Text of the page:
09 Mar

Impact of Your Story

We communicate through sharing our stories with others. We need to get our point across and what better way than to tell what happened to us, to explain what we’ve accomplished and what we need help with. There is a lot of research being done into how businesses can sell more through sharing stories instead of making powerpoint presentations, Zack, P.J. (2014, October 28). Why Your Brain Loves Good Storytelling. Retrieved from Harvard Business Review database. Businesses sell more if they can communicate through stories how they’ve helped their customers, how they’ve changed people’s lives.

I recently helped teach an interdisciplinary class at Columbia University Medical Center. I taught Narrative Medicine to medical, dental, nursing, occupational therapy, and nutritional education students. When we started the course, the students were shy claiming they were afraid of the course (despite their demanding workloads) and didn’t have anything to share. Once we delved into the readings and they got an opportunity to write and share their stories, both they and I were impressed with their narratives.

Their stories were compelling and interesting; they gave us (the listener) a clear picture of who the person was without the speaker having to give us their background. The stories also touched each of us in a different way, providing us with what we needed at that moment.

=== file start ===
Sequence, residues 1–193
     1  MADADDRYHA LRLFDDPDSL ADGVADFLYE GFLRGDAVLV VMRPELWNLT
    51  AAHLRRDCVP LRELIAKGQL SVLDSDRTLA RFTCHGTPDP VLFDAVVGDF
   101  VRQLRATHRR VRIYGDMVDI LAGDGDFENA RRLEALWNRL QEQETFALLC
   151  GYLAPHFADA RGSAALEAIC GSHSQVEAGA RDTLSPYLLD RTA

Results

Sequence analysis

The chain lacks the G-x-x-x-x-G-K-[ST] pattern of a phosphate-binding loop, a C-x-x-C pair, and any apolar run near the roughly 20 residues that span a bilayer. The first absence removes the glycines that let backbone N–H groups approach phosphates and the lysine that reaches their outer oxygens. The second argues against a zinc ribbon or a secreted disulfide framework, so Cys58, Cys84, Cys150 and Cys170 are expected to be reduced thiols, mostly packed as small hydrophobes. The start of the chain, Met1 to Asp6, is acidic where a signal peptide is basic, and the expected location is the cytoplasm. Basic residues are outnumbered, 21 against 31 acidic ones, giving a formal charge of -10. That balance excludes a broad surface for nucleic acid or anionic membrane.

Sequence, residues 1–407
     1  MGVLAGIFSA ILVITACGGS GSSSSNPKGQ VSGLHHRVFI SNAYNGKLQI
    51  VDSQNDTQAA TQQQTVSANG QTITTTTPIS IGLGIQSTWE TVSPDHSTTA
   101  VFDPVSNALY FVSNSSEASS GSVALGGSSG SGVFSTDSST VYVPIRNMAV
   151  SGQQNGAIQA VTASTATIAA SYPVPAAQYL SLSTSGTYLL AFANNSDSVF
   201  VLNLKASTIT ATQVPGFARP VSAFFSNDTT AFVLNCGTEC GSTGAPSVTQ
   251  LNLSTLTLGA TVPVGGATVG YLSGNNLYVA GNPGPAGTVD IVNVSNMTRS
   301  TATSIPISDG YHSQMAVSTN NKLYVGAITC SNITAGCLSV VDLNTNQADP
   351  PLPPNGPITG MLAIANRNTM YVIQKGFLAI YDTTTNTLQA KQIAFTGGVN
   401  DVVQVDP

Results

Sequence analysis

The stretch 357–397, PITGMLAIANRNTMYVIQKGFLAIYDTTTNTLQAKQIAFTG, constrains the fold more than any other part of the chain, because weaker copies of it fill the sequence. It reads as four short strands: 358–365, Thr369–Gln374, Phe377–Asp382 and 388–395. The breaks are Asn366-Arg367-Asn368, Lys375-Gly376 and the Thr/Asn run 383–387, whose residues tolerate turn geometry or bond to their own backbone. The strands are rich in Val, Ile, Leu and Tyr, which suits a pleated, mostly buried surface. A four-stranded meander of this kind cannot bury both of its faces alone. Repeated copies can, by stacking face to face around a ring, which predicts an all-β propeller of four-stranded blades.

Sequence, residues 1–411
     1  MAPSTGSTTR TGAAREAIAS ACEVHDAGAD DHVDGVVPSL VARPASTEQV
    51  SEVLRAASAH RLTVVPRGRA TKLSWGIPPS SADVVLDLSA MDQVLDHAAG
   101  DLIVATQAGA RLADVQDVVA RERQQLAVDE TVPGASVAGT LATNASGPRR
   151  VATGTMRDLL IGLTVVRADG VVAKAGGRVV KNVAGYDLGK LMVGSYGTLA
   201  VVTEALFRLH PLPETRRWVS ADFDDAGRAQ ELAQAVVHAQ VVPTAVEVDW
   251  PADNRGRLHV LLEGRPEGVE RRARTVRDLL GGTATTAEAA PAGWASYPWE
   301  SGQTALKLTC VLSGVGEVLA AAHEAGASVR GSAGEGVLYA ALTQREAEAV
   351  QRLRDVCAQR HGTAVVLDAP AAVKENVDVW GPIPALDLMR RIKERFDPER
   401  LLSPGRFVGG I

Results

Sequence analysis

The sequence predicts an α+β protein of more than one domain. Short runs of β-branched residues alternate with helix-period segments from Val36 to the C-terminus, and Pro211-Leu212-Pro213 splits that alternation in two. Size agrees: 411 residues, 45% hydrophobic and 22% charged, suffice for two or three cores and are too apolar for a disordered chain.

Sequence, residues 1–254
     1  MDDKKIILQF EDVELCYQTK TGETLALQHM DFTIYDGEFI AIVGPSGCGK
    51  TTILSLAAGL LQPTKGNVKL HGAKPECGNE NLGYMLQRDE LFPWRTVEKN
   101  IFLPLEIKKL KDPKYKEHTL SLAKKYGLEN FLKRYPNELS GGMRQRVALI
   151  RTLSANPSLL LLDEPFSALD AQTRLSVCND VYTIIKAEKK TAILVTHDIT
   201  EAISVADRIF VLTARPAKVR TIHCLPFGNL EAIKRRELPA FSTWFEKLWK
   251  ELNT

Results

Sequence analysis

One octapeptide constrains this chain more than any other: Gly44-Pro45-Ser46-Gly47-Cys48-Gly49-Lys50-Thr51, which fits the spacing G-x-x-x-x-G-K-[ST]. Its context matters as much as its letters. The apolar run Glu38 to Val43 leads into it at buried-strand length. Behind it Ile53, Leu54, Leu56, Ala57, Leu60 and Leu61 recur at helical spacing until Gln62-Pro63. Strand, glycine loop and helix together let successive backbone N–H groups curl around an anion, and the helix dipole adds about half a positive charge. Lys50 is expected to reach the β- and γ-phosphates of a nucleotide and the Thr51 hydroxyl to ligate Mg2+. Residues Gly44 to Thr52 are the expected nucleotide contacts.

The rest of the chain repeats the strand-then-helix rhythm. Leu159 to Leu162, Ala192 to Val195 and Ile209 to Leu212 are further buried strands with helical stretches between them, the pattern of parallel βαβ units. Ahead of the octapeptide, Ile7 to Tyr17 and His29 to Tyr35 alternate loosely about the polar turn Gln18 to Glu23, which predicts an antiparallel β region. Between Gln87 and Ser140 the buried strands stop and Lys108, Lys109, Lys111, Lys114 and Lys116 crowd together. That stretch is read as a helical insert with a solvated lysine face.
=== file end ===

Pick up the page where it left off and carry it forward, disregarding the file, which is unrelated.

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Being in the midst of writing about my past and surviving the brain injury, hearing these strangers’ stories gave me much needed perspective. I am always in awe of other people’s lives and background, and I get much needed inspiration when I get a glimpse into what they’ve been through. Most of my students were foreign so the narratives they shared greatly varied and were deeply rich.

Don’t be afraid of sharing your story. You never know how it can affect someone else. It may be what compels them to change career paths, return to school, try to get pregnant or adopt, or saves their lives.